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'He is who he is': Bob Dylan thumbs his nose at Nobel

"Impolite and arrogant."

That's what Per Wastberg of the Swedish Academy's Nobel Prize Committee called Bob Dylan's silence on their decision to give him the Nobel Prize for literature. But then as Wastberg reportedly told one Swedish newspaper "he is who he is."

I'll say.

Which is why I'd add a couple more adjectives to Dylan's behavior in the face of one of the greatest cultural honors that Western Civilization knows how to bestow: delightful and funny.

I'm not a member of the Svenska Akademien, so if Dylan wants to drive them crazy wondering whether he'll accept the prize or not, it's perfectly jake with me. That's karma for ignoring Nabokov, Borges and Calvino -- all of whom would have acknowledged the award even if Nabokov might possibly have done so by razing it to the ground -- and opting instead for a gloriously perverse American singer/songwriter who likes to call himself a "song and dance man."

Anyone who finds that ostentatiously folksy should remember that among Dylan's recent gestures on record is to sing the whole disc of Sinatra and Sinatresque repertoire from the Great American Songbook.

Amateurs in Dylanology, like me, have to consult professional Dylanologists. And they're on record telling us all that all mention of Dylan winning the Nobel Prize for Literature was expunged from the man's website on Oct. 21.

There wasn't much to begin with. It only existed there at all because the site hawked a book called "The Lyrics 1961-2016" and, in that context, mentioned that he'd just won the Nobel. Not anymore. That's gone, too. The prize founded by the inventor of dynamite doesn't get word one on Dylan's website at the moment. And may never.

What is on his website is one simple and terse statement: "It's for myself and my friends, my stories are sung." In other words, not for fancy shmancy prize givers.

What we all have to remember is that Dylan is so willful, changeable and perverse that anything that's true at this exact second could morph into its exact opposite in the next second.

He's capable of seriously taking up Judaism or Christianity whenever he jolly well feels like it. For that matter, he's also capable of doing a Victoria's Secret commercial. Whenever he's presented with a major establishment gesture of tribute, he's capable of thumbing his nose at it or flipping the bird to it.

Let's get real here so we can "unpack" this as people like to say these days.

It's not as if the Swedish Academy didn't know who this guy is. When you give an award to a man who embodies a particular American song tradition -- the Woody Guthrie tradition -- he's liable to remember at that moment the political radicalism that accompanied his public advent in the world.

It's all in the great American tradition. When William Faulkner was invited to a huge White House dinner for artists and culture heroes, he said "it's a long way to go just for dinner." Woody Allen went to the ballet in a tuxedo and sneakers. When they gave him an Oscar, he was playing neo-Bechet clarinet with his traditional jazz band in Manhattan.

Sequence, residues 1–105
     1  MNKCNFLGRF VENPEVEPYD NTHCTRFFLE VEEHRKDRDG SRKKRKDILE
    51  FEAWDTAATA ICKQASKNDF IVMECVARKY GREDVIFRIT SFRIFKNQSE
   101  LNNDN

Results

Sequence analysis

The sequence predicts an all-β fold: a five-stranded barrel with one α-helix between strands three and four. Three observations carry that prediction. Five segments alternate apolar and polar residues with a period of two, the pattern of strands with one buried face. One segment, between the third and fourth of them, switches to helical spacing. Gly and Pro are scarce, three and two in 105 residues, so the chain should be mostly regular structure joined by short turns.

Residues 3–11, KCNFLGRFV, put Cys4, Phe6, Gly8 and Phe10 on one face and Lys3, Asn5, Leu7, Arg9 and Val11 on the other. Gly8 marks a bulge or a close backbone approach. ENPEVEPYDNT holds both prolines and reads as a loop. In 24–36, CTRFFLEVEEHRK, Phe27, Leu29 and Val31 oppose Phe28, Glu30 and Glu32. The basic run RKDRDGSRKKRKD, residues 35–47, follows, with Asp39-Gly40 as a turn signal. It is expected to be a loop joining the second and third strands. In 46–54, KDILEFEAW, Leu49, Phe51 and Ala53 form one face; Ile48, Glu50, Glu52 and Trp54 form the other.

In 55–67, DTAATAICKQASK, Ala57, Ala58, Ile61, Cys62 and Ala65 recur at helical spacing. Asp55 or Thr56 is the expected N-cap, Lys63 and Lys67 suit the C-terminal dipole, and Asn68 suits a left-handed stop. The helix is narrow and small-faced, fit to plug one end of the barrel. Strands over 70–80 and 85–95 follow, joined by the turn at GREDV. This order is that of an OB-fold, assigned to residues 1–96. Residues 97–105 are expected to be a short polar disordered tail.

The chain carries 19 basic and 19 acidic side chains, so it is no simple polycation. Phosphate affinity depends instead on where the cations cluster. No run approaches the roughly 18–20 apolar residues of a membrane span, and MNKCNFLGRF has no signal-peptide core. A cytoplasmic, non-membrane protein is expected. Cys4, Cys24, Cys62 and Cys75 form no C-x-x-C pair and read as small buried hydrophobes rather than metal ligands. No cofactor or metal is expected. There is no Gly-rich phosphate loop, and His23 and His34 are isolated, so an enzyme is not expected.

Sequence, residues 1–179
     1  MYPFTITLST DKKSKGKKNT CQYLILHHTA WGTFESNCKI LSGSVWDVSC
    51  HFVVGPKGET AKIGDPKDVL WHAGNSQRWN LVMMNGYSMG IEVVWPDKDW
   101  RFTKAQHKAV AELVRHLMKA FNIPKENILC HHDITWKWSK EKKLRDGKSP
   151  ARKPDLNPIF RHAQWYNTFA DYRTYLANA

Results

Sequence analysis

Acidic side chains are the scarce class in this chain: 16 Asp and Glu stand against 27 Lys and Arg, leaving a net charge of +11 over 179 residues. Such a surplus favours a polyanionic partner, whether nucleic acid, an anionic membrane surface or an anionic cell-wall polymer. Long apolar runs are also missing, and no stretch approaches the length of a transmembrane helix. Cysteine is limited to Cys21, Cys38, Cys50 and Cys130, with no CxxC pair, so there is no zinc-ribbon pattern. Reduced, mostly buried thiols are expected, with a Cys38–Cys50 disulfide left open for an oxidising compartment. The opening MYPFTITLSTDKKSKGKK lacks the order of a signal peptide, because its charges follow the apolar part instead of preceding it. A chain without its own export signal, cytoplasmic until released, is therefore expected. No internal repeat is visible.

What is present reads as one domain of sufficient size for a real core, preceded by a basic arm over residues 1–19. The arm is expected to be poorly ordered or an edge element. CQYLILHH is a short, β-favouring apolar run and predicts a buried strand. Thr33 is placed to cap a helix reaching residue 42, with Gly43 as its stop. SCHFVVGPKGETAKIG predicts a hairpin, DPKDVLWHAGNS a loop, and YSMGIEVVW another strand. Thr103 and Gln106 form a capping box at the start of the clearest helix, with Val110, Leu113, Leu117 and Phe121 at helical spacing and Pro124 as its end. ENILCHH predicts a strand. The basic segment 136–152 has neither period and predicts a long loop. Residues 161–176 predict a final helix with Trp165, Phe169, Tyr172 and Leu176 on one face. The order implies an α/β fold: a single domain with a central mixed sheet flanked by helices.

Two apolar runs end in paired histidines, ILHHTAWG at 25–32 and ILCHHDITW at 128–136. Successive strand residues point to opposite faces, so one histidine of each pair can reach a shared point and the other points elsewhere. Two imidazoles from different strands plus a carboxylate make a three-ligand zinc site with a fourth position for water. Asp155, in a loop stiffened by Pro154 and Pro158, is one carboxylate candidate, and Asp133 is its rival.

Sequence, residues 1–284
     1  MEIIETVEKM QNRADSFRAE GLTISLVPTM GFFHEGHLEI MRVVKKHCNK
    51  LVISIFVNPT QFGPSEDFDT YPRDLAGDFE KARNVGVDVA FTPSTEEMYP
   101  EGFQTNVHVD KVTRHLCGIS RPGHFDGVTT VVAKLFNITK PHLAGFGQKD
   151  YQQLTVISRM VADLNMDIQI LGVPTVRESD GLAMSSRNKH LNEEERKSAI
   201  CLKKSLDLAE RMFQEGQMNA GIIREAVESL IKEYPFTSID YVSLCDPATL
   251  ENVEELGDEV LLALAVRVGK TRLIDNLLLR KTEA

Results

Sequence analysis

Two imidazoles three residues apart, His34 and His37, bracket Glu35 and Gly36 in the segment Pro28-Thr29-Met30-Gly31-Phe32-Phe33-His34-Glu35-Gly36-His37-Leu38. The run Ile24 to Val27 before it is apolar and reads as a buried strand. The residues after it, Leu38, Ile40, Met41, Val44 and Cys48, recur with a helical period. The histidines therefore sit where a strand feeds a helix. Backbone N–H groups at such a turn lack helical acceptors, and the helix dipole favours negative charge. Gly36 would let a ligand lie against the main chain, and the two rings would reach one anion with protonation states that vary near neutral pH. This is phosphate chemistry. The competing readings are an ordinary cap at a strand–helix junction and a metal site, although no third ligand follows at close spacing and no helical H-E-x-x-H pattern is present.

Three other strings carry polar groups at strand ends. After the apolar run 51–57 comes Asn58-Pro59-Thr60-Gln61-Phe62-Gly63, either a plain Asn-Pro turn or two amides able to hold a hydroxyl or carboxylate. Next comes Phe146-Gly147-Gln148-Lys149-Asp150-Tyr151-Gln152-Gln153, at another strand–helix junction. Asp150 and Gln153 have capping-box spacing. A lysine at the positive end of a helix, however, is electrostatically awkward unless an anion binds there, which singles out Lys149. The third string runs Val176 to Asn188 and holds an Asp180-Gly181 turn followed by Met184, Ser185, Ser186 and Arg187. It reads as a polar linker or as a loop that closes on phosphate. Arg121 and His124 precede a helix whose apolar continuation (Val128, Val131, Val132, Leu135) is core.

One can well understand Dylan's unease. His brilliance is as well and long-documented as his prickliness and unpredictability. He knows very well that a Nobel to him and not any of the obvious American literary candidates (Oates, Roth, DeLillo) is a deliberately exclusionary gesture on the part of the Swedes.

I think that as exclusionary and insulting as prize gestures go, it's an exciting one.

But if you're Dylan and you've occasionally expressed dismay at how other people praise his lyrics and not his music, you might want to tell the prize folks to take their literary prize and shove it (as fellow song lyricist Johnny Paycheck might have put it in his blunt contribution to American song lyrics).

That's a very tricky subject. A whole large book could be written about it. Dylan has indeed written very beautiful songs. But maintaining an equality of both lyrics and melodies would be a tough sell.

Maybe one of the reasons he wanted to make a record of songs from the Great American Songbook is that he knows full well that the true miracle of someone like Cole Porter is that one man wrote some of the most beautiful and elegant melodies in pop music of his time and, simultaneously, some of the wittiest and most exquisite lyrics ever.

One of the last things anyone is ever likely to mention in this context is money. That's why I'm going to mention it.

A fair amount of dough comes with the Nobel Prize for Literature -- in the million dollar neighborhood, a very nice neighborhood we'll all agree.

There are, no doubt, many past winners whose lives and financial circumstances completely changed winning the prize. When the body of your work is as large Dylan's, one has to assume that the royalties on his songs and his income from concert performances are substantial yearly.

Hollywood people have an old folk expression for that kind of money: blank you money.

My guess is that Dylan has been sitting on a whole lot of such money for decades. He may well keep on using it up to and past Dec. 10, the date of the Nobel Award Ceremony. He may be silent about the prize that long, or longer.

Just look at his website. For the moment, it seems, his professed artistic ethic couldn't be simpler: "It's for myself and my friends, my stories are sung."

You've gotta love it.


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